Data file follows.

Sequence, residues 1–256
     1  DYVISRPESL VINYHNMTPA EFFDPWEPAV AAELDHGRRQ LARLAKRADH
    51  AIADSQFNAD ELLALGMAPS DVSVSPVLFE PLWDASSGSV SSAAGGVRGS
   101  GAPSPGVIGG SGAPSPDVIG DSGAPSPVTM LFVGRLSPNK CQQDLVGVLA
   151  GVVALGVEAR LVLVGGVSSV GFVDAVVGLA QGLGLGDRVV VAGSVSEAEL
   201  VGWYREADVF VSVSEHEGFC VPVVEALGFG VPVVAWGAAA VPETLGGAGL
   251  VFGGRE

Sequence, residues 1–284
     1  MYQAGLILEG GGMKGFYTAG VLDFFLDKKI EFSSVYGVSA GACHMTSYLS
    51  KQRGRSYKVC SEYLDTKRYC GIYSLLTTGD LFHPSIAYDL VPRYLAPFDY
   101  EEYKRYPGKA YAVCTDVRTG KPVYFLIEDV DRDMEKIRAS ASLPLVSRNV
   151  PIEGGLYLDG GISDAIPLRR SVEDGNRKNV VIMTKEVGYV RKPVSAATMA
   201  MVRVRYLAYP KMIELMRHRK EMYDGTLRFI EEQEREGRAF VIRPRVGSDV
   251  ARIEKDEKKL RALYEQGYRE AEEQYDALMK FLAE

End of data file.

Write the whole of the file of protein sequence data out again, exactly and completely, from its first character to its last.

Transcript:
Sequence, residues 1–256
     1  DYVISRPESL VINYHNMTPA EFFDPWEPAV AAELDHGRRQ LARLAKRADH
    51  AIADSQFNAD ELLALGMAPS DVSVSPVLFE PLWDASSGSV SSAAGGVRGS
   101  GAPSPGVIGG SGAPSPDVIG DSGAPSPVTM LFVGRLSPNK CQQDLVGVLA
   151  GVVALGVEAR LVLVGGVSSV GFVDAVVGLA QGLGLGDRVV VAGSVSEAEL
   201  VGWYREADVF VSVSEHEGFC VPVVEALGFG VPVVAWGAAA VPETLGGAGL
   251  VFGGRE

Sequence, residues 1–284
     1  MYQAGLILEG GGMKGFYTAG VLDFFLDKKI EFSSVYGVSA GACHMTSYLS
    51  KQRGRSYKVC SEYLDTKRYC GIYSLLTTGD LFHPSIAYDL VPRYLAPFDY
   101  EEYKRYPGKA YAVCTDVRTG KPVYFLIEDV DRDMEKIRAS ASLPLVSRNV
   151  PIEGGLYLDG GISDAIPLRR SVEDGNRKNV VIMTKEVGYV RKPVSAATMA
   201  MVRVRYLAYP KMIELMRHRK EMYDGTLRFI EEQEREGRAF VIRPRVGSDV
   251  ARIEKDEKKL RALYEQGYRE AEEQYDALMK FLAE